Fonta Flora Brewery is a fixture in the revival of downtown Morganton. The judges reviewing their application were impressed with their positive impact on jobs in the community. They were also impressed with their dedication to sourcing local ingredients from local farms. Judges also noted that the purchase of a local farm will enable the brewery to produce some of their own ingredients and will further increase the economic impact of the brewery through additional jobs.

 

Four Prongs Tea and Herb located in Watauga County is a value added medicinal herb business. Ginseng is a heritage herb product from Western North Carolina. While the market for ginseng roots is well established, the tops have been considered a waste product—no one uses them, that is until now by Four Prongs Tea and Herb. Judges reviewing their application were impressed by the knowledge base of company founders and the potential to add sales of tea made from ginseng leaves to an already established market for ginseng roots. Judges noted that “Their idea capitalizes on a sustainable niche.”

 

North Carolina Farm Bureau is proud of all this year’s applicants and we wish the best of luck to Devine Farms, Fonta Flora Brewery, and Four Prongs Tea and Herb as they compete for this year’s award. We’re excited to see what you’ll think of next!

Wednesday, September 13, 2017 The Importance of Infrastructure

The following commentary is by North Carolina Farm Bureau President Larry Wooten, first published in the Fall 2017 issue of NC Field and Family.

Initiatives for rural transportation, energy and broadband internet will benefit the state economy

North Carolina’s rural transportation, energy and broadband internet infrastructures are as important to economic development as seed, sun and water are to crops. Economic development is vital for the future of our farmers, rural communities and the population of the entire state.

There is no single “cure-all” for the ailing economies of many rural counties, but these areas have the potential to contribute an additional 38,000 jobs and $10.3 billion to the state’s annual income over a decade, according to a 2014 study commissioned by the NC General Assembly.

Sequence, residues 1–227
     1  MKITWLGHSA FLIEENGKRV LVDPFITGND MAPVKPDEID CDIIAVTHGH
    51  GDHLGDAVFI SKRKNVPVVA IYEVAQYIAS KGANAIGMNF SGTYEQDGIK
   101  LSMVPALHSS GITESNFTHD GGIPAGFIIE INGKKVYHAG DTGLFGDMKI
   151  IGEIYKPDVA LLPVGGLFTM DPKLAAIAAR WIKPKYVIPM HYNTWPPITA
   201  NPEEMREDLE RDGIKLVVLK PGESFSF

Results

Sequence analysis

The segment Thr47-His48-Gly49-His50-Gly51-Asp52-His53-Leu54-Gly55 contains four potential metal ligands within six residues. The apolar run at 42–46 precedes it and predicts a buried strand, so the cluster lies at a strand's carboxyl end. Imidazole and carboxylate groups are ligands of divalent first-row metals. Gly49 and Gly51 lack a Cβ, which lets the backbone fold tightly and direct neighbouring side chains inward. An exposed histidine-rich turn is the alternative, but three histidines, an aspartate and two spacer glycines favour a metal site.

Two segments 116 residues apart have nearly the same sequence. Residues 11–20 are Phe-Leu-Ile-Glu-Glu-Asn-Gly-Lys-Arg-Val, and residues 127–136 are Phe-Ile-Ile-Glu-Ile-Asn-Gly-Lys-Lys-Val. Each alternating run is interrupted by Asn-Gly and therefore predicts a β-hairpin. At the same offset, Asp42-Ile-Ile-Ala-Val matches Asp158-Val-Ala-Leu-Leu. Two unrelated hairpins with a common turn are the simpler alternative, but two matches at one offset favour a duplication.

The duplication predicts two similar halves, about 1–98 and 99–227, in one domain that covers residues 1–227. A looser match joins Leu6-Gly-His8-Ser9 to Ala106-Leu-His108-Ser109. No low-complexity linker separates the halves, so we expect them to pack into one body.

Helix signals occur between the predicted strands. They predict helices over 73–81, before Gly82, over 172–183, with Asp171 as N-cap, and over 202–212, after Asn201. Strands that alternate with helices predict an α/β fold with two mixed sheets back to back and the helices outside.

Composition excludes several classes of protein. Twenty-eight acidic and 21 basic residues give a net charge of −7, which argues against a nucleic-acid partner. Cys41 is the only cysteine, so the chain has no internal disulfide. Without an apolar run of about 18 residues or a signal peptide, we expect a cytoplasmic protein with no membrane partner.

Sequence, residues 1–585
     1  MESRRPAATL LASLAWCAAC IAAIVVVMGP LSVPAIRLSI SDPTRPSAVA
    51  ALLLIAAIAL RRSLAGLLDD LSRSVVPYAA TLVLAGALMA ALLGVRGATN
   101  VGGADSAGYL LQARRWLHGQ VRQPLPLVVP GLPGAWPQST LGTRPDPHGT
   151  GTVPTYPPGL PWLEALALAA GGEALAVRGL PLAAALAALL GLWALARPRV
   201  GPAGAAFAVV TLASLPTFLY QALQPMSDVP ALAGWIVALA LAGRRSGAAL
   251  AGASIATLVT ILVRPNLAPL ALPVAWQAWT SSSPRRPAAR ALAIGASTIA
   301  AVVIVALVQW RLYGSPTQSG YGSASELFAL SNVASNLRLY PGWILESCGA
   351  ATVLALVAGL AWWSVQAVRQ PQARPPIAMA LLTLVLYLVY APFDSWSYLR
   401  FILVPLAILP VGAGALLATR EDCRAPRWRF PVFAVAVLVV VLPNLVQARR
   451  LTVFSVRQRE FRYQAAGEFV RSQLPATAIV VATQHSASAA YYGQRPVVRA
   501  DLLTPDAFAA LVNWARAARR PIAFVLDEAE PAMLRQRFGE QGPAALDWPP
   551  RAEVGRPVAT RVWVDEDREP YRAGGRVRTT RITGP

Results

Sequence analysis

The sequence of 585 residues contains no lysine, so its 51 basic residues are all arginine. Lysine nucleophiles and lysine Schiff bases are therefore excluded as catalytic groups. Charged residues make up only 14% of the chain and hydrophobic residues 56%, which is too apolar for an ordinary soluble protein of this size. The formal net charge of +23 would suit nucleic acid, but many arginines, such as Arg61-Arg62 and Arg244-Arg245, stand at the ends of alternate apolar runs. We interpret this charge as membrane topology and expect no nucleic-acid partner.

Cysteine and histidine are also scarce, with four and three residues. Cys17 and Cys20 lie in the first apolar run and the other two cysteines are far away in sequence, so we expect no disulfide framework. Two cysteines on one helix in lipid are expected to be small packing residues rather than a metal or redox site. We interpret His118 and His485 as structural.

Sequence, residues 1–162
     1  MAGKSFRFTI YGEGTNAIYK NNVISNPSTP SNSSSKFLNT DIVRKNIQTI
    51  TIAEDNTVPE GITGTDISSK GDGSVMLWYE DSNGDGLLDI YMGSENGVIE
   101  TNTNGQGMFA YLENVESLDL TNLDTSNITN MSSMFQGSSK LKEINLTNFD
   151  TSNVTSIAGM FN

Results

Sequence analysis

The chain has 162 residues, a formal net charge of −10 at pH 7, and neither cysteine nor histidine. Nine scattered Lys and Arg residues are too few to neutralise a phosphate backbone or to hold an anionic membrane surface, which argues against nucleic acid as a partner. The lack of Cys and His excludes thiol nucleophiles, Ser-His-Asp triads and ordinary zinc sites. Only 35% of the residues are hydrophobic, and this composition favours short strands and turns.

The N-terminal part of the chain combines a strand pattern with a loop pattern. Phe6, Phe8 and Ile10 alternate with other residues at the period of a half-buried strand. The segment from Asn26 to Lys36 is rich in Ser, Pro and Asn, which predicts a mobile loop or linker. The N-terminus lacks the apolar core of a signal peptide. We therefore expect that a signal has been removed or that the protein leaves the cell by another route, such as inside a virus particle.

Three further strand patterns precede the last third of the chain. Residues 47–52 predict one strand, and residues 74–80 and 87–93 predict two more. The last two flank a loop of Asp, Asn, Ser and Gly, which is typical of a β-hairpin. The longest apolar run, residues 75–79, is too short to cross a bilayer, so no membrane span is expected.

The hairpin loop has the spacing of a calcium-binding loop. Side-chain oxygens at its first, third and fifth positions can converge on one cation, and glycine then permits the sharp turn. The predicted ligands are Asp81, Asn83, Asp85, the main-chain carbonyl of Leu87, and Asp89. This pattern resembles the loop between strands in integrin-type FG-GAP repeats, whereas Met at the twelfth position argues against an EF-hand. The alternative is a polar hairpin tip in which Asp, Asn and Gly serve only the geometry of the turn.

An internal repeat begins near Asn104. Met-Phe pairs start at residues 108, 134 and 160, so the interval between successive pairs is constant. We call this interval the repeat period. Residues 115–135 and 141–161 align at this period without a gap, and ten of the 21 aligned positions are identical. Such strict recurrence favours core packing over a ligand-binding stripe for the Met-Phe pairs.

Because of this potential, the North Carolina Food Manufacturing Task Force was established April 9, 2015. The Task Force seeks to boost the rural economy with a world-class food processing industry.

The quality of roads and bridges tops the list of infrastructure needs that have a direct impact on the economic viability and quality of life in our rural communities. TRIP, a national transportation research group, recently reported, “North Carolina’s rural roads have high rates of fatalities, bridges show deficiencies; the state’s rural transportation system is in need of modernization to better support economic growth and connectivity.”

The Federal Communications Commission’s 2016 Broadband Progress Report stated that 10 percent of all Americans lack access to high-speed broadband service, while 39 percent of rural Americans lack access. By contrast, only 4 percent of urban Americans lack access.

Affordable electricity and access to natural gas are also crucial for economic development. The Atlantic Coast Pipeline will provide natural gas to the rural utilities that need it to serve their communities, and is estimated to lower energy costs for consumers and businesses while contributing an estimated $28 million in annual property taxes to local governments.

Agriculture is a crucial component of future economic development in rural North Carolina through the creation of value-added processing jobs and economically symbiotic small business.

Diverse agriculture, combined with an improved infrastructure, can result in the state emerging as a global food leader. State and federal funding, along with private investment, is required to make infrastructure investments that ensure our rural communities have roads that are well-maintained, energy that is affordable and broadband internet that is accessible.